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People & Culture

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Zurich Cyber Risk Engineering leader earns Patriot Award
Sep 19, 2022

Zurich manager David Shluger is honored for giving his team member ‘incredible flexibility’ to fulfill his duties with the Air National Guard.

Air Guardsman Jaren Painter had been working as a Senior Cyber Risk Engineering Consultant at Zurich North America for just a few months when the Air Force called him up for a last-minute overseas deployment of six months. Painter notified his manager David Shluger, Vice President of Cyber Risk Engineering, right away.

“Dave took it all in stride,” Painter said.

Shluger quickly mobilized Zurich’s cyber team to cover critical work for Painter, who serves as a Cyberspace Operations Superintendent in the West Virginia Air National Guard.

“David allowed me an incredible amount of flexibility in schedule and was willing to communicate with me outside working hours to make sure that our handoff was smooth,” Painter said. “Then, 48 hours before I was supposed to leave, the Air Force said, ‘Never mind.’ I called Dave and said I’ll be back to work on Monday. Dave took that in stride too. He has been very accommodating. I’m very grateful for him and Zurich.”

Painter, who has been away for weeks of Guard duty on other occasions, nominated Shluger for the Patriot Award, Zurich’s second in recent years. Retired Col. Renato Bacci, Military Outreach Director for the Department of Defense’s Employer Support of the Guard and Reserve (ESGR), presented the award to Shluger recently at Zurich’s headquarters in Schaumburg, Illinois. Painter, members of Zurich’s VETZ employee resource group and other colleagues attended.

Shluger thanked Painter and Bacci for the award and praised his team, noting the value Painter brings to his country and to Zurich customers. Through his Guard role, for example, Painter participated in Locked Shields, an international cyber war games exercise with NATO member countries, helping him further hone his cyber defense skills.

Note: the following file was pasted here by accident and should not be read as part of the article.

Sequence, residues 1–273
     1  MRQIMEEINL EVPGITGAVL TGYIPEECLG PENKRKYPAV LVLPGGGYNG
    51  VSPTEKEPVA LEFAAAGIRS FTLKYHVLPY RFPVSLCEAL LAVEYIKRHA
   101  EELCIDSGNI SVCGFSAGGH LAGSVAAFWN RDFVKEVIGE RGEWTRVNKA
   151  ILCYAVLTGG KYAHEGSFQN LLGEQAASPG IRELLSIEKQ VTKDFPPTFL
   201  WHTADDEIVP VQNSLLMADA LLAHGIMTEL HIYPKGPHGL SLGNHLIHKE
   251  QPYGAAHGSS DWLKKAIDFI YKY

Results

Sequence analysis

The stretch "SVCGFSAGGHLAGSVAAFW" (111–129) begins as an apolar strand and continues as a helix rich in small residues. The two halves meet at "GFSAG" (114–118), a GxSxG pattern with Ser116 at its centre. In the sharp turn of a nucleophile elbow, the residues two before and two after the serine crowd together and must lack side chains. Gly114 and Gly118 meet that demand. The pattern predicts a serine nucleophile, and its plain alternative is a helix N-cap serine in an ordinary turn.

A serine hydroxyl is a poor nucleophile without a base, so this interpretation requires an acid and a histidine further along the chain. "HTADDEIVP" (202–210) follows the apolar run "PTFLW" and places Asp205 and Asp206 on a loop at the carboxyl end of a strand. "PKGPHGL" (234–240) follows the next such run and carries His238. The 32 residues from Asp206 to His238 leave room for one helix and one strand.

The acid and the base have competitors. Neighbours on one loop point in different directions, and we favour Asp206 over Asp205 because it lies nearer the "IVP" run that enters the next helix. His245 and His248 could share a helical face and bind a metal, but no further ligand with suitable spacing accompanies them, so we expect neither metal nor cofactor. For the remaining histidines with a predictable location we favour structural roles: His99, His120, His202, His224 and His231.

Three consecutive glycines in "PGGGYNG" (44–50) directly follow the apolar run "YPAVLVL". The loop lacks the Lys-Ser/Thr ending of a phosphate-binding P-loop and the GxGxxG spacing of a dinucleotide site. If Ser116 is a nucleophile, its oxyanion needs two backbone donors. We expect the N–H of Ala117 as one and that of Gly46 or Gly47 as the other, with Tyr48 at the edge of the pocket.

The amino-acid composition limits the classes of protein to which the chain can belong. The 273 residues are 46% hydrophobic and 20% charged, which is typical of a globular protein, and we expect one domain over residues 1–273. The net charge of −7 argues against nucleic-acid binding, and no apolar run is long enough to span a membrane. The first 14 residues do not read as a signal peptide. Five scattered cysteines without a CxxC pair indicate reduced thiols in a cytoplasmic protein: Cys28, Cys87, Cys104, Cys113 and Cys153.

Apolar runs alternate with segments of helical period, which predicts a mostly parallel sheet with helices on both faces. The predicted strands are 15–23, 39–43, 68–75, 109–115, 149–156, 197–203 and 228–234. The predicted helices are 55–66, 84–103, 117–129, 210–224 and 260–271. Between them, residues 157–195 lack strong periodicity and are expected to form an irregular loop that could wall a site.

“I see with customers that Jaren’s cyber military experience is a clear credential,” Shluger said. “That translates to them feeling better served. For what we do, which is help customers improve cyber resilience, there really is no better match for military experience. Jaren is able to bring that and put that to work for our customers.”

Military experience is valued

Shluger estimates that about half of Zurich’s Cyber Risk Engineering team has military experience, and it is something Tom Fioretti, Head of Zurich Resilience Solutions in North America, values for roles across various specialties in Risk Engineering.

“As soon as I told Tom about Jaren being called up, Tom didn’t hesitate to say, ‘God bless, good luck; tell him whatever he needs, we have his back,’” Shluger said.

Painter said Zurich’s reputation for supporting veterans was important to him when he was seeking his next role. Military Times has named Zurich a Best Employer for Veterans several years now.  

What is a challenge coin?
When Sirena Arnaout presented Col. Renato Bacci and David Shluger with a VETZ Challenge Coin, Bacci smiled in recognition of a military tradition.

While there are many stories about the origins of the challenge coin, Bacci cites World War I.

“Units would give each of their members a special coin so if they got stranded somewhere and were trying to get back to their line and someone questioned whether they legitimately belonged to that unit, then they could present their challenge coin and come back into the unit.”